(a) No. (b) I would suggest that the works of the Royal College of Art and Art Schools ought to be exhibited in the large cities of the tinted Kingdom for a lew weeks at least. and that practical applied art be more representative than at present. Also that there be a Director for Art at South Kensington, as formerly, and that more awards be given for works of merit than at present. (c) That works be adjudged by Experts in each branch of Industrial Art for which the designs are intended. I think that the industrial art manufactures of the United Kingdom would profit by such an arrangement. - F. Neaves Brearey, Art Master, Nottingham.

" Purely Pictorial Men" as Judges.

To the Editor of Arts & Crafts.

(a) Yes. The present system allows us great freedom, and freedom is what we want.

(b) The selection of the judges in some special subjects is unfortunate. In some cases purely pictorial men are set to judge ornamental work. The samples of work done at the personal examinations are not chosen with sufficient care, and are often, on this account, misleading. - C. F. Dawson, Head Master, Accrington Municipal School of Art.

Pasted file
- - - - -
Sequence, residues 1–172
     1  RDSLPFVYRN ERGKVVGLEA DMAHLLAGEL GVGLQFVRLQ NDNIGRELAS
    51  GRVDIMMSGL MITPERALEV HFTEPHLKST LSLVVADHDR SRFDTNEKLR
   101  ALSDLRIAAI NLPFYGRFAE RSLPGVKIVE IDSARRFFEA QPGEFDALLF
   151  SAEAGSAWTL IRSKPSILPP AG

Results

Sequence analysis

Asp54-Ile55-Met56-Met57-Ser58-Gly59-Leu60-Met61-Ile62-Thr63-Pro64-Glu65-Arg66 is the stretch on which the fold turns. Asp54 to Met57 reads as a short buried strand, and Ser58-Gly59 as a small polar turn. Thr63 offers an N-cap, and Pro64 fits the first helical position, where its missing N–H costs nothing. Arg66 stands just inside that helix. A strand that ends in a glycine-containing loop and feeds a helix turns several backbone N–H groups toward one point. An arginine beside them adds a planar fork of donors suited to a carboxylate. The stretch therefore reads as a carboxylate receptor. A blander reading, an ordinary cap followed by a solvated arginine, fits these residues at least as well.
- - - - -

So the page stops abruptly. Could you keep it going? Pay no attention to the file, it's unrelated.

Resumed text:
A More Representative Exhibition Called For.

To the Editor of Arts & Crafts.

The Exhibition of the National Competition should be more largely representative -

(j) By including in it all the premiated works, and also a number of those not successful but which have been selected for the National Competition by the preliminary examiners.

(ii) Also works in sections which are now entirely or practically excluded from the Exhibition, such as drawings of plants. etc, from nature, light and shade studies from casts of ornaments or natural forms, etc.

(i) At present the Exhibition can scarcely be called a National Competition Exhibition, but an exhibition of most of the premiated works in this National Competition. If the scope of the Exhibition is extended as here suggested, its value educationally will be largely increased to both masters and students.

(2) Drawings from plants, etc, and light and shade studies from casts of ornaments and plants are in many schools the most advanced work to which the large majority of the students attain, especially in provincial schools. More advanced students drift to London, with its opportunities for remunerative work, for study, and the holding of various scholarships, etc, in the Royal College of Art. Much of the work in these sections is admirable, hut the schools having a low standard are unaware of the high standard in other schools, and the exclusion of these works from the Exhibition is also a temptation to neglect these important and difficult subjects and to attempt [ill-prepared) more advanced work which does enter into the National Competition.